PIEDMONT -- The city's new top cop -- Chief Rikki Goede -- hit the ground running when she took up her post on Jan. 22.
She soon ran a packed town hall meeting to address crime, asked for and got approval to hire four new officers, held one-on-one interviews with each Police Department employee, is working on obtaining license plate readers at entries to town, and is embracing the new community that she serves.
"I believe in signs," Goede said. "When I heard about the opening for a chief in Piedmont, I drove up here, watching the people coming and going from the bench in front of Mulberry's Market. I knew I wanted to be here. I really wanted the job."
The small-town girl who grew up in Lawson, Mo., a town a smidge more than 1,000 people at the time, is returning to her roots after serving a total of 26 years in the state's second- and third-largest cities -- San Diego and San Jose.
Goede was the first female gang unit commander in San Jose and the first female commander of the homicide unit there. Coming as a sergeant from San Diego police, she worked her way through the ranks to become assistant chief of San Jose police.
She's proud yet humble about her accomplishments.
"I was really lucky. I had good mentors who pushed me beyond my comfort level," said the 50-year-old San Jose resident. "It was hard to fail in a unit. But I am driven."
Each step up the ranks took a year of preparation and study to achieve. Dave Hober, San Jose's deputy chief, has been friends with Goede since she came to the department in 1996. At one point, Goede worked under Hober. Then Hober worked under Goede.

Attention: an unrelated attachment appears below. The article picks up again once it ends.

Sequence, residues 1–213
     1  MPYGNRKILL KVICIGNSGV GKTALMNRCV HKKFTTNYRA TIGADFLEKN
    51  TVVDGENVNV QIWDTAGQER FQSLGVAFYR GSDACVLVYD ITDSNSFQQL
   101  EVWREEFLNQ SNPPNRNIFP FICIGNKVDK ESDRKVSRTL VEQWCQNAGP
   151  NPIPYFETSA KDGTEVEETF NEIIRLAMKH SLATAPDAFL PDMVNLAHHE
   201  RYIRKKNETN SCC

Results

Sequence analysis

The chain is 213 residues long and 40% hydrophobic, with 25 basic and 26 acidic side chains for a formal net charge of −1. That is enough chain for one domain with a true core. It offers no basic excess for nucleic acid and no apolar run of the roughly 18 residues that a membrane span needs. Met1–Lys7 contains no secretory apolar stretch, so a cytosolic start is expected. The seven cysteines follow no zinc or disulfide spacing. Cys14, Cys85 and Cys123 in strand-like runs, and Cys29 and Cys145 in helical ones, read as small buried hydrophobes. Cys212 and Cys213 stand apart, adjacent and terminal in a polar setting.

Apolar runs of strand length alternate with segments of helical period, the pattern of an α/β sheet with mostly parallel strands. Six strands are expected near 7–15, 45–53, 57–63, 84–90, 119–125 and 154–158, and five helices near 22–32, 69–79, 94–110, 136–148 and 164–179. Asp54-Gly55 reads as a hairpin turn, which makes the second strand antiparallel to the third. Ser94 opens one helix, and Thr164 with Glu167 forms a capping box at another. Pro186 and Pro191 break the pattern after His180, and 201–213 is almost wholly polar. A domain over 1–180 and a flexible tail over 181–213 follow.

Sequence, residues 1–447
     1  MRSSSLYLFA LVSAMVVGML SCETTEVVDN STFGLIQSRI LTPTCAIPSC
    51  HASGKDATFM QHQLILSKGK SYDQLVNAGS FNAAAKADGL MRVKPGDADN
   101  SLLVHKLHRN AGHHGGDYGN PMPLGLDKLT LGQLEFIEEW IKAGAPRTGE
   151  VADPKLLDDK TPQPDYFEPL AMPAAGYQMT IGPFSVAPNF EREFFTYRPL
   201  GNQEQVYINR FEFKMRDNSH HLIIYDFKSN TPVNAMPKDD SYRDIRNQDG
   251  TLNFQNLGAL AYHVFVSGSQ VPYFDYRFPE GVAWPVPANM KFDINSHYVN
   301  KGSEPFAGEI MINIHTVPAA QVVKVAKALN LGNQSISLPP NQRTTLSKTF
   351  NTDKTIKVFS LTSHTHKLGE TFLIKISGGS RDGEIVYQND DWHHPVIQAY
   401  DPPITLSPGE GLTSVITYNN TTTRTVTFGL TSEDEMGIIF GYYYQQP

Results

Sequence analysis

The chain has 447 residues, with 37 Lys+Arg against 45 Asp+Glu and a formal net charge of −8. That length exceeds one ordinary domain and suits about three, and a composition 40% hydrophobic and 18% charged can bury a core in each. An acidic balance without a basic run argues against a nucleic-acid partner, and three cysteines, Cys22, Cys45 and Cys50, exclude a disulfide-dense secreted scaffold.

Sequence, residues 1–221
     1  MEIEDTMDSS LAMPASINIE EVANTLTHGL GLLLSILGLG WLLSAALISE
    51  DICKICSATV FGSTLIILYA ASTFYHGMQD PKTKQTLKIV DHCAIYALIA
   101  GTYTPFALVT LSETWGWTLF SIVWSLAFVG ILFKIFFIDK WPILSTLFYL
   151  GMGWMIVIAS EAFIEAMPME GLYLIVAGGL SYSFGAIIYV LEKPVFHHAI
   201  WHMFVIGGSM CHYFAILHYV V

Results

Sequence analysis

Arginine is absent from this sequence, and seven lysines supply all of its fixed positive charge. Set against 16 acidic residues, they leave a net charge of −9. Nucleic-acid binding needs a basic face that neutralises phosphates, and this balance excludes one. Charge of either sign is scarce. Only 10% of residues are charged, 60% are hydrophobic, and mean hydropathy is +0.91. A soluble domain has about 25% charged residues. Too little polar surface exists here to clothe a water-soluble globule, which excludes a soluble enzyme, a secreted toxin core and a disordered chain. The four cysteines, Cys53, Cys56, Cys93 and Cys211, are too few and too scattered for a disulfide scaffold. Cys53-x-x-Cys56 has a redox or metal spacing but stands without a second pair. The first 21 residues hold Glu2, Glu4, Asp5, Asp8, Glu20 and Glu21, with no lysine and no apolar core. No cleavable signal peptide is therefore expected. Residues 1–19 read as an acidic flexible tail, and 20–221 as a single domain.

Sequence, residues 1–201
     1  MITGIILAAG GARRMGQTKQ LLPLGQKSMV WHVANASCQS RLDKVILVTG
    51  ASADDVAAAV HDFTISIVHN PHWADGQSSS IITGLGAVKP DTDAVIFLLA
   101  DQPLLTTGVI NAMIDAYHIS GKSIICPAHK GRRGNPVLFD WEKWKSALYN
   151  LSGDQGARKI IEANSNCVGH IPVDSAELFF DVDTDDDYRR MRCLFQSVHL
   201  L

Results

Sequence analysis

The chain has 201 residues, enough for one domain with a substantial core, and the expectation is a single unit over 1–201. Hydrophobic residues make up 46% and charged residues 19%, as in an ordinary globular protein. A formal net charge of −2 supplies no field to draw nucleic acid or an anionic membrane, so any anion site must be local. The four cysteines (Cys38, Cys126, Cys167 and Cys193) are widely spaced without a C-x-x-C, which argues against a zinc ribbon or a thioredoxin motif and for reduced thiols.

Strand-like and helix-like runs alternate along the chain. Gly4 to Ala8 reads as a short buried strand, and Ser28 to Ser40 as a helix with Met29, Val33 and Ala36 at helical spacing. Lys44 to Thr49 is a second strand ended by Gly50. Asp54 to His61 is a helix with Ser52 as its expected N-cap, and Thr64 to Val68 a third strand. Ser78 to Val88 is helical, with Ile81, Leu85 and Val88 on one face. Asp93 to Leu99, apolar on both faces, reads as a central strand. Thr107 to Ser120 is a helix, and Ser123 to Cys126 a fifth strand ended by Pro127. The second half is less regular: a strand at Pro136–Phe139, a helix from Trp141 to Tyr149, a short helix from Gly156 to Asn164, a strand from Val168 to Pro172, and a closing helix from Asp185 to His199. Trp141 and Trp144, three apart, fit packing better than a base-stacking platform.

"That happens in a big agency," Hober said. "We studied together for different promotional tests."
Hober said Goede's success stems from her positive outlook, strong work ethic and passion for serving.
"She's always laughing," Hober said. "She gives a thousand percent. She's the kind of person (that) if you talk to her, you feel like you've known her all your life."
Goede, one of four siblings, was a journalism major with a minor in criminal justice at Augustana College in Sioux Falls, S.D.
"I wanted to be a sports writer. But my second love was law," Goede said.
She was hired as an officer for the San Diego Police Department in 1986 and worked her way up to sergeant.
"I felt blessed to work in San Diego and San Jose," she said.
Goede's taking that big-city savvy and applying all her experience to serving the population of 11,000 in affluent Piedmont.
Working in a smaller city "is different yet the same," Goede said. "People want to feel safe where they live. They need police and have high expectations."
She's working hard to address the jitters residents have about increases in burglaries and three recent home-invasion robberies. She's used her connections to get help from outside agencies for crime investigations and is studying every aspect of how the new department she oversees operates.
"Chief Goede is off to a great start," City Administrator Geoff Grote said. "I think she has energized the department and is in the process of establishing strong ties to the community. The breadth and depth of her experience is proving to be invaluable. She has faced difficult issues from day one."
Goede said Capt. Scott Wyatt, who was interim chief for eight months, and former police Chief Lisa Ravazza have been great help in familiarizing her with the workings of the Piedmont Police Department.
"Lisa contacted me right after I was hired, and we talked for two hours," Goede said.
Mayor John Chiang said he is impressed with Goede's "swiftness to action and community engagement. She is putting her experience and skills to work."
But even a hardworking chief has to have some fun. She enjoys bicycling, hiking, working out and skiing. She is learning about and collecting wines and loves to cook.
"I don't watch every cooking show, but I love 'The Barefoot Contessa.' I want her house," Goede kidded.
And yes, she watches cop shows -- "Blue Bloods" and "CSI" -- but hates doughnuts.
"They are not healthy," she said.
Hober thinks Goede and Piedmont are a perfect fit.
"She's a small-town girl," Hober said. "In a smaller agency, you connect more with people. In a year, Rikki will know everybody in Piedmont."